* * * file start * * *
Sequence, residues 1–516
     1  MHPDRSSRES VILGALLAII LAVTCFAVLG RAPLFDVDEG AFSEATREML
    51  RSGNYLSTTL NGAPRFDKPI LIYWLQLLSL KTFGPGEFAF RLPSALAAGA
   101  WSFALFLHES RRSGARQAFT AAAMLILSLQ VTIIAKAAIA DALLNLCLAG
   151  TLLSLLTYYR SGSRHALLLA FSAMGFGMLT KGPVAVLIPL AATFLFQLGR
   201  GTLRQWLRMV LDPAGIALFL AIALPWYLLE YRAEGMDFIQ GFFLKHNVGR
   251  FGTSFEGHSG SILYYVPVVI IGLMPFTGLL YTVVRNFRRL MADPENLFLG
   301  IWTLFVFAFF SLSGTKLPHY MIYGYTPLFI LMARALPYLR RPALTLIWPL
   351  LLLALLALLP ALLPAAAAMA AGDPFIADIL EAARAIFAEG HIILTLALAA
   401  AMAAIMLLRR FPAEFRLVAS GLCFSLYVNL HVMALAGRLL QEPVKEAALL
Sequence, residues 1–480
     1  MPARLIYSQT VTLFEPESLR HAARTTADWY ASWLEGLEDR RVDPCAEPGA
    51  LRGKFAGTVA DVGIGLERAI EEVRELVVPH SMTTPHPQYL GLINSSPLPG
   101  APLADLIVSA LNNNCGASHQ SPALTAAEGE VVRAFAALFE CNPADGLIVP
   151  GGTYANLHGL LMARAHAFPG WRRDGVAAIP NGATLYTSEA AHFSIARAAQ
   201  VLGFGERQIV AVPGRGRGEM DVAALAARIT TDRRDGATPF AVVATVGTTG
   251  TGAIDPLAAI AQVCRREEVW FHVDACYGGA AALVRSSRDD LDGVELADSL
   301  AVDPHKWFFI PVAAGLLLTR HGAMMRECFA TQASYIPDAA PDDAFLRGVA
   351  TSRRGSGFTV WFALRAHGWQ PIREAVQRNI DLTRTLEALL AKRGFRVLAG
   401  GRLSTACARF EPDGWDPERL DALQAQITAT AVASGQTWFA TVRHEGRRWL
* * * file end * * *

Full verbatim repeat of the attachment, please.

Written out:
Sequence, residues 1–516
     1  MHPDRSSRES VILGALLAII LAVTCFAVLG RAPLFDVDEG AFSEATREML
    51  RSGNYLSTTL NGAPRFDKPI LIYWLQLLSL KTFGPGEFAF RLPSALAAGA
   101  WSFALFLHES RRSGARQAFT AAAMLILSLQ VTIIAKAAIA DALLNLCLAG
   151  TLLSLLTYYR SGSRHALLLA FSAMGFGMLT KGPVAVLIPL AATFLFQLGR
   201  GTLRQWLRMV LDPAGIALFL AIALPWYLLE YRAEGMDFIQ GFFLKHNVGR
   251  FGTSFEGHSG SILYYVPVVI IGLMPFTGLL YTVVRNFRRL MADPENLFLG
   301  IWTLFVFAFF SLSGTKLPHY MIYGYTPLFI LMARALPYLR RPALTLIWPL
   351  LLLALLALLP ALLPAAAAMA AGDPFIADIL EAARAIFAEG HIILTLALAA
   401  AMAAIMLLRR FPAEFRLVAS GLCFSLYVNL HVMALAGRLL QEPVKEAALL
Sequence, residues 1–480
     1  MPARLIYSQT VTLFEPESLR HAARTTADWY ASWLEGLEDR RVDPCAEPGA
    51  LRGKFAGTVA DVGIGLERAI EEVRELVVPH SMTTPHPQYL GLINSSPLPG
   101  APLADLIVSA LNNNCGASHQ SPALTAAEGE VVRAFAALFE CNPADGLIVP
   151  GGTYANLHGL LMARAHAFPG WRRDGVAAIP NGATLYTSEA AHFSIARAAQ
   201  VLGFGERQIV AVPGRGRGEM DVAALAARIT TDRRDGATPF AVVATVGTTG
   251  TGAIDPLAAI AQVCRREEVW FHVDACYGGA AALVRSSRDD LDGVELADSL
   301  AVDPHKWFFI PVAAGLLLTR HGAMMRECFA TQASYIPDAA PDDAFLRGVA
   351  TSRRGSGFTV WFALRAHGWQ PIREAVQRNI DLTRTLEALL AKRGFRVLAG
   401  GRLSTACARF EPDGWDPERL DALQAQITAT AVASGQTWFA TVRHEGRRWL